6. The insurer persisted that if the complainant had not undergone the fusion operation to her back, she would not have had the rods inserted and therefore the breakage of these rods was not an independent incident, but directly related to the surgery which had proven not to be successful after a number of years.
Result:
7. After due consideration of the matter, this office found in favour of the insurer as the complainant had not met the criteria of the definition of “Accident”. She was unable to state when exactly the requisite sudden fortuitous event had occurred and although the breakage may have been a violent event and visible on x-rays the definition requirement of “external” would also have been problematic for her to prove because the forces were all generated within the body.
8. It appeared that the pain in her back gradually escalated and therefore she had also failed to show that the event occurred within the period stipulated at “Scope of Insurance”. The definition of “Bodily Injury” does not include a degenerative process and more weight was given to medical evidence that the breakage of the rods was not an uncommon occurence after a fusion operation. Medical opinion submitted indicated that the breakage was caused by the non-adherence of the fusion and the instability of the spinal structures, placing abnormal stress on the screws and rods.
9. Apart from having regard to the specific definitions, the office also considered if the event occurred solely and independently from any other cause. This is usually understood to transpire when the chain of causation is operative until there is an intervening cause. Had she not had the fusion operation whereby rods were inserted in her back, there would not have been breakage of the rods, which caused her excessive pain and consequent inability to work and the reason she applied for the benefit. From this it follows that the breakage was not an intervening cause, but was dependent on the fusion operation some years previously.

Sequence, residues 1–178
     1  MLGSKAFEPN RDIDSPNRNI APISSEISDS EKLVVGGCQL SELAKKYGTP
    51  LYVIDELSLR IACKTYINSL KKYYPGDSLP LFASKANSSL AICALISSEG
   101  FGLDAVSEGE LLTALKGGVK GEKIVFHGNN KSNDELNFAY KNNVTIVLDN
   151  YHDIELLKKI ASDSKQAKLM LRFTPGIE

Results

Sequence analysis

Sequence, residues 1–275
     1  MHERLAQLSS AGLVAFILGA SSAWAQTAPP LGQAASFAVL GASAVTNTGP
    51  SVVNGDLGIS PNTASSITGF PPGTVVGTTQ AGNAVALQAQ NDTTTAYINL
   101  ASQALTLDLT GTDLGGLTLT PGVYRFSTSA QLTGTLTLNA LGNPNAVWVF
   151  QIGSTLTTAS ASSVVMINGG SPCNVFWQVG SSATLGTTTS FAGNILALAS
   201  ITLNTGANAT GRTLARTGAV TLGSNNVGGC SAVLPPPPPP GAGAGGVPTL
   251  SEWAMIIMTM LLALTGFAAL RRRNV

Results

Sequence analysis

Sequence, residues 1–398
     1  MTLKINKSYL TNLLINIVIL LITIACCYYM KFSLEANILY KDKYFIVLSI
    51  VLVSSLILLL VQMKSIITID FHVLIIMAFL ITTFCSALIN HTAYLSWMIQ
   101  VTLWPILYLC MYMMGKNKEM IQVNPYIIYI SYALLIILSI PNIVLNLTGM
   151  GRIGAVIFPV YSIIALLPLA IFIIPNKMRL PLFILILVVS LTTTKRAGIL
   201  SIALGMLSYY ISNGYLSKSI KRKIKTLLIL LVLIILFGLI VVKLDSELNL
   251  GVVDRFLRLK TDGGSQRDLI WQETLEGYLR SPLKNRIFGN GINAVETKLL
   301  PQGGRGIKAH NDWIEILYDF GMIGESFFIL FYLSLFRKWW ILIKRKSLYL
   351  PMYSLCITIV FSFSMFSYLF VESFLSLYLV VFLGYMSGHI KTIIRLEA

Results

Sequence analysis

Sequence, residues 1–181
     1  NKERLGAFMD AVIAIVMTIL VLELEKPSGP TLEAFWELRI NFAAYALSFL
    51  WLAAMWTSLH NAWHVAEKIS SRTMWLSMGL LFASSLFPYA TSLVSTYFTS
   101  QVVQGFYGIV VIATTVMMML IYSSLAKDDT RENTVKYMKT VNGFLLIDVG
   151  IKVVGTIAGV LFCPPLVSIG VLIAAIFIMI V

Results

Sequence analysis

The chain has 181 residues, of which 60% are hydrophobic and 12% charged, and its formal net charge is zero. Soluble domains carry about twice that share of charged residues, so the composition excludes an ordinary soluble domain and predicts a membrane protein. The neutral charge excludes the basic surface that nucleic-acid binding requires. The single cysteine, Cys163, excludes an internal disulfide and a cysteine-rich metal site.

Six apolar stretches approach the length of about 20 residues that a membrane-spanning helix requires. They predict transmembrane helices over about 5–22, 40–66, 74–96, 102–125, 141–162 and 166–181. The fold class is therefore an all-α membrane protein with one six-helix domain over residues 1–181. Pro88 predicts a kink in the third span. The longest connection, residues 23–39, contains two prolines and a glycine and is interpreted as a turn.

10. The complainant sought leave to appeal the office’s final determination in favour of the insurer, which was granted to her. The appeal was dismissed, the appeal tribunal stating:

“My finding that the breaking of the rods was not an ‘accident’ or a ‘bodily injury’ as defined in the policy is decisive of the appeal. It renders unnecessary any discussion of other contentious matters raised at earlier stages such as causative importance of the operation, whether the breaking of the rods as distinct from the underlying pathology resulted in the state of total disability, and whether ‘solely and independently of any other cause’ can and should be interpreted against the insurer as was found to be so in relation to the policy considered in *Concord Insurance Co Ltd v Oelofsen NO 1992 (4) SA 669(A).”
(*In this case it was decided by the court that the words, “independent of any other cause” do not refer to a pre-existing condition that had merely contributed to the permanent disability and thus excluded the insured’s pre-existing health condition.)
NvC
April 2016